The funds are currently locked and the SEC has gotten involved with the orderly distribution of these funds as well as establishing the potential loss of value to be shared with many investors that were in this fund.

Our third quarter result includes an approximate $900,000 of provision for loss of value for this fund, in accordance with fair value accounting guideline. We have reason to believe that we have now reflected the potential loss value and expect full recovery of the balance. But we have also taken additional steps to protect the principles and liquidity of our cash and investment portfolio, including investing more in treasury funds, diversifying across money market funds and investing only on the highest rated securities.

Now the impact of the recent credit crisis has obviously generated a lot interest from our investors, as to its impact on the solar systems business. Now, as Tom mentioned risks spreads have increased for the required internal rate of return for financing projects have risen.

We believe we're well positioned to emerge as a leading player in the market once conditions moderate, given our balance sheet, our scale, and our experience. To minimize our risks, we apply the same portfolio principles to financing project that reduce with the rest of our business.

For example, we work with a number of different financiers for systems from residential to utility scale project. The breadth of our market view allows us to evaluate current condition. And even consider taking an ownership position, either temporarily or permanently for those systems, if we will feel that would be the best option.

Also, we recognized that the current situation could be a benefit longer term, as the consolidation and restructuring of financial systems may produce companies with the capabilities to finance even larger projects in the future.

In addition to our portfolio approach to financiers, we have also accelerated some of our cost reduction programs to reduce the impact of potentially higher financing cost in our model.

On a geographic basis, we continued to see diversity, well related to financing of projects which is positive; multiple markets, multiple structures. For example, in Italy we are seeing more private equity deals. Spain, on the other hand, has been a very developer oriented with secured financing in place. So that might change due to fit-in-tariff structure, which emphasis model sub-projects now than ground amount with incidentally placed our advantage as well.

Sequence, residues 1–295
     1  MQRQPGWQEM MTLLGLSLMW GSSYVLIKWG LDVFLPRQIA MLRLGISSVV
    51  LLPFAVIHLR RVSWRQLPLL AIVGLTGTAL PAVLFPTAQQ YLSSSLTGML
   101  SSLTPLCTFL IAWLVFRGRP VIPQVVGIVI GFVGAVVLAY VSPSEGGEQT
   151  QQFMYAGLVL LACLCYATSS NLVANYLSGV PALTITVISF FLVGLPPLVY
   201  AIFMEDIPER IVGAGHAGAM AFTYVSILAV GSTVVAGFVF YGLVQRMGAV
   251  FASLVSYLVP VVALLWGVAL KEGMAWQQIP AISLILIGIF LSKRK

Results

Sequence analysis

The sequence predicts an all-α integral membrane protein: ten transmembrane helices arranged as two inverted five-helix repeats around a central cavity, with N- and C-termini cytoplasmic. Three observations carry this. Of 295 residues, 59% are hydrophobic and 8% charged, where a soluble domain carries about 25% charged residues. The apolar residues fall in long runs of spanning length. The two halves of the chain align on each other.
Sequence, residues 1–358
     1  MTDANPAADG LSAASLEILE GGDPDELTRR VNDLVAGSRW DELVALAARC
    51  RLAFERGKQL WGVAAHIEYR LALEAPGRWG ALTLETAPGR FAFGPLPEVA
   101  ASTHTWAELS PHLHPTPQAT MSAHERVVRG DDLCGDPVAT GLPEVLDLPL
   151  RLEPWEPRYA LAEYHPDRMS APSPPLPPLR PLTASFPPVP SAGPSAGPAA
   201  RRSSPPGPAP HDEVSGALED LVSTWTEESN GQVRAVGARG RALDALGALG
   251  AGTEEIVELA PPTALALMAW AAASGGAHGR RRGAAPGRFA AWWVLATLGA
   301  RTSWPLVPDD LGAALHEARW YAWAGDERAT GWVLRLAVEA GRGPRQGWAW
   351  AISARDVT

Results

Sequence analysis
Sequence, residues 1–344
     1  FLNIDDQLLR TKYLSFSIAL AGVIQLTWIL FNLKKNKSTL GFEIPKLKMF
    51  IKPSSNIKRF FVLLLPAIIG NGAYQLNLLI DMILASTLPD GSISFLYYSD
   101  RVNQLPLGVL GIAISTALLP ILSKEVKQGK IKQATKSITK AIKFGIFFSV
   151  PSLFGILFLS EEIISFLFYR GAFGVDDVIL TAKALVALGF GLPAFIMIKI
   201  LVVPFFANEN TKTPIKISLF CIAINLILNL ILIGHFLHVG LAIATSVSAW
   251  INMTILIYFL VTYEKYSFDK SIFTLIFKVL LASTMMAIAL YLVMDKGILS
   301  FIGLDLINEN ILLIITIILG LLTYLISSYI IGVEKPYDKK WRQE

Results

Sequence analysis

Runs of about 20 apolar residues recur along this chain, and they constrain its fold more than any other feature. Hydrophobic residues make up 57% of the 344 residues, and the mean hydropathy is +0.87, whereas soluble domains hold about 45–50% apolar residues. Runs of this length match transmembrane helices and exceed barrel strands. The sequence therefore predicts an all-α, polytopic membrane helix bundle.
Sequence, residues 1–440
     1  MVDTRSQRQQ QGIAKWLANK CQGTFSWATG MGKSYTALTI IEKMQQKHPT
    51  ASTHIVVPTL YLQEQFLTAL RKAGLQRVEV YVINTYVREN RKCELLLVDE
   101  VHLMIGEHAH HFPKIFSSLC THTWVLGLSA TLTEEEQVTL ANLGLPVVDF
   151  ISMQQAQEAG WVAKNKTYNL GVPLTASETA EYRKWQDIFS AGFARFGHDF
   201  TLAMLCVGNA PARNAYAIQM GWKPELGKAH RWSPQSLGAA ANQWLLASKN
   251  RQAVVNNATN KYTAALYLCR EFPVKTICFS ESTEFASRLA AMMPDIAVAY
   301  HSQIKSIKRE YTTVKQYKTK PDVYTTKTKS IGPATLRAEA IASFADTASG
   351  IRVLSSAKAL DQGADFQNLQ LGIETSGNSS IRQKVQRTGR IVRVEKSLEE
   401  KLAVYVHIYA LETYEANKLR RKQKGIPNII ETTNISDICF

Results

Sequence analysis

Finally in the U.S. the passage of the eight year ITC opens up a lot of doors, including utility owned and rate based projects as Florida Power & Light project. And a great variety of tax equity financiers because of the alternative minimum tax benefits in the ITC tax bills.

Now, solar project represents low risks, long-term investments with reliable returns for investors, peculiarly with extension of the ITC in the U.S. and the resolution of the fit-in-tariff in Spain. We believe that we can continue to source financing for projects that acquired albeit at potentially higher cost near term.

Let me emphasize that we have a very small portion of our fourth quarter revenue, expected to be derived from systems requiring financing.

Now, let me talk about guidance. As I begin, let me reiterate as we have noted in prior calls that our business results may reflect quarterly shift in mix within Systems and Components segment revenue. Also, from quarter-to-quarter we expect shift within the Systems segments due to size, type of projects, regional deployment and percent completion factors that could lead to non-sequential or even marginal growth in revenue margins or earnings.

Our margin mix between segments can also be influenced by the allocation of SunPower product panels through the Systems segment. These factors will continue in the fourth quarter as well as in 2009. Here are the guidance for the fourth quarter of 2008. For the company's revenue of approximately $405 million to $435 million, that's comprised of Components segment revenue of $235 million to $255 million and Systems segment revenue of $170 million to $180 million.